Harrisburg philanthropist Lois Lehrman Grass died early Wednesday morning at age 90, as a result of a stroke, leaving a legacy of volunteerism and fundraising for causes that transformed the city’s landscape.
A pillar of the city’s charitable giving, she had a hand in seemingly every major Harrisburg-area institution, including the Rose Lehrman Arts Center, the Whitaker Center, the Jewish Family Service of Greater Harrisburg and Harrisburg Area Community College.
Daughter of Benjamin and Rose Lehrman, Lois Lehrman grew up in Harrisburg and inherited a love of the arts from her mother. Grass once told The Burg magazine “my mother used to say that, if you can’t be the artist or the pianist, you can be the audience.”
In 1950, she was married to Rite Aid founder and fellow philanthropist Alexander Grass, with whom she had four children. The pair divorced in 1972. Alexander Grass would later pass away in 2009.
Lois’ son Martin Grass called his mother “a trailblazer, a pace-setter,” who was already active at the age of 31, organizing the Aurora Club (known today as Aurora Social Rehabilitation Services) in 1962.
“This is back [in in a time] when this was a pretty conservative town,” he said. “She’s been involved in so many different organizations. And the thing about my mom is, this isn’t a woman that was writing a check, although she wrote a lot of checks. She got involved. She was hands on, totally hands on. She wanted to be involved, wanted to make a difference. And she did.”
“It’s easier to say what she doesn’t support,” said Jeff Lynch, commercial filmmaker and personal friend of Grass. “She’s done so much for so long. She’s a pretty remarkable woman.”
“When I think of Lois, the thing that occurs to me first and foremost is that she was an always wanted to be thought of as a volunteer,” said Mike Greenwald, one of the founders of Harrisburg’s public radio station WITF, who first met Grass when she took a position on the board. “And she was a volunteer of the highest order, in my view.”
Greenwald, who would go on to become a personal friend of Grass, said that her definition of philanthropy went far deeper than giving money.
“That’s never what she ever wanted to be known for,” he said. “What I think defined Lois was the people and organizations she believed had promise and purpose, the talents she nurtured, the careers she fostered, the organizations and community institutions she helped build and sustain. That is what was most important to her.”
Some of the institutions where Grass would take an active hand, in either directly building or sustaining, include the Greater Harrisburg Foundation (known today as the Foundation for Enhancing Communities), the Aurora Club, the Hamilton Health Center, the Jewish Family Service of Greater Harrisburg, the Harrisburg chapter of the Red Cross, and Harrisburg Area Community College.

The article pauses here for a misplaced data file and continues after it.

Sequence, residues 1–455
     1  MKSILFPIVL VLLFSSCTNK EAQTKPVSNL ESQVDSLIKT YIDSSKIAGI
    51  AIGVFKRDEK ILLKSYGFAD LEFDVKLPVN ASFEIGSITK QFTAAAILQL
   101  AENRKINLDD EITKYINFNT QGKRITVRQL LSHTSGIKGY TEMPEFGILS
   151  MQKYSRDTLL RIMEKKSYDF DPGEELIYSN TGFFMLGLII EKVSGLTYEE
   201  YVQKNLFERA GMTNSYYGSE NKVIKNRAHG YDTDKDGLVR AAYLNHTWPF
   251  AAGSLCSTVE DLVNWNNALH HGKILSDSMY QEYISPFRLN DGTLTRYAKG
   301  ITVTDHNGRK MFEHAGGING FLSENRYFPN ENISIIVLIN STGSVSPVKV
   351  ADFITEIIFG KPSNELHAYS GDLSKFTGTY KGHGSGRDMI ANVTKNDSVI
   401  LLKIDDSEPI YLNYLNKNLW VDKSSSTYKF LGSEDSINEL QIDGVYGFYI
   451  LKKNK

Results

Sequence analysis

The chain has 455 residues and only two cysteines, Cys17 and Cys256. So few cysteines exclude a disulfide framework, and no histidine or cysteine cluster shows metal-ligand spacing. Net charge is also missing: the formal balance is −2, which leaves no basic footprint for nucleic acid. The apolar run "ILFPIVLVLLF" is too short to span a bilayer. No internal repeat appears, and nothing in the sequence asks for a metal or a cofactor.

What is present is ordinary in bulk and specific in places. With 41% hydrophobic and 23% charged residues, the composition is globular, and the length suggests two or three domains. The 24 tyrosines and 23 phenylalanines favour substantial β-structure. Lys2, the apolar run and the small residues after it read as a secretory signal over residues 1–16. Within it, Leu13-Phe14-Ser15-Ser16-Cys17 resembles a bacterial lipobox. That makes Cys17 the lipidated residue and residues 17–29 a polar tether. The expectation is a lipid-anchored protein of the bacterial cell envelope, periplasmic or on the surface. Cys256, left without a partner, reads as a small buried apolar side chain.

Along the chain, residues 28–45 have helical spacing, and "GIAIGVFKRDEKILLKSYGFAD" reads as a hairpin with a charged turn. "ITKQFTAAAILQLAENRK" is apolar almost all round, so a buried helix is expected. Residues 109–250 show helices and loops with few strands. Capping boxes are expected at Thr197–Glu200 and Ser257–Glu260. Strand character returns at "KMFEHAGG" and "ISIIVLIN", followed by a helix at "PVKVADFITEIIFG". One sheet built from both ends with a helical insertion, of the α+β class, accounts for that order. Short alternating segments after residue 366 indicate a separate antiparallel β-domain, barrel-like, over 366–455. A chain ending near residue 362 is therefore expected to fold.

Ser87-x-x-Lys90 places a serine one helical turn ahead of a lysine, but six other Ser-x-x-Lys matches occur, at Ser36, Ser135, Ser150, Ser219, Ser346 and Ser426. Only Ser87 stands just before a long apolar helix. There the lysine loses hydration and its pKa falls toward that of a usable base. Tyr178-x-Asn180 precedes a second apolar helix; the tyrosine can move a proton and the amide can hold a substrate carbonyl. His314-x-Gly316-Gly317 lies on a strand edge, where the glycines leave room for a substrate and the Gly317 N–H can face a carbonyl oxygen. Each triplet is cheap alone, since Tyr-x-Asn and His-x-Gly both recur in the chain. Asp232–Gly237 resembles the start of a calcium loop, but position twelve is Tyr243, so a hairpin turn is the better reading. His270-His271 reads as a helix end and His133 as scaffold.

Grass was the major donor behind HACC’s Rose Lehrman Arts Center, which was named after her mother and opened in 1975. As was typical of Grass, Greenwald said, her activism didn’t end with the building’s completion, as she helped to coordinate the programming. of the center in its early days.
Grass was also instrumental in the development of the Whitaker Center for Science and the Arts, with former Harrisburg mayor Stephen Reed telling the Central Penn Business Journal that “Lois Lehrman Grass has been right in there in that whole process,” of helping to revitalize the cities with similar projects.
“She is a national role model,” Reed said in a 2011 interview. “She has been catalytic in bringing about very significant improvements to the cultural and civic sectors of this entire region. One could legitimately argue that she’s done so without parallel.”
According to Greenwald, Grass was a “true patron [of the arts] in the classical sense,” directly commissioning artwork or music from painters, sculptors or composers, in addition to supporting groups ranging from Theater Harrisburg to Market Square Concerts and the Central Pennsylvania Friends of Jazz.
“She was able to bring a lot of influence to bear on things that she cared deeply about,” Greenwald said. “She lived in the community for a long time, and knew an awful lot of people who had considerable resources and influence, who could help make good things happen. And that’s the way in which she used her stature – it was always for the benefit of something and somebody else.”
Greenwald also noted that none of the buildings she helped fund bear her own name, and that “a lot of what she did was very, very private.”
The causes and organizations she supported went beyond central Pennsylvania, Greenwald said, with donations to such groups as the National Holocaust Museum, for which she was a founding donor. She was also a founding member of the National Museum of Woman in the Arts and a member of its National Advisory Board.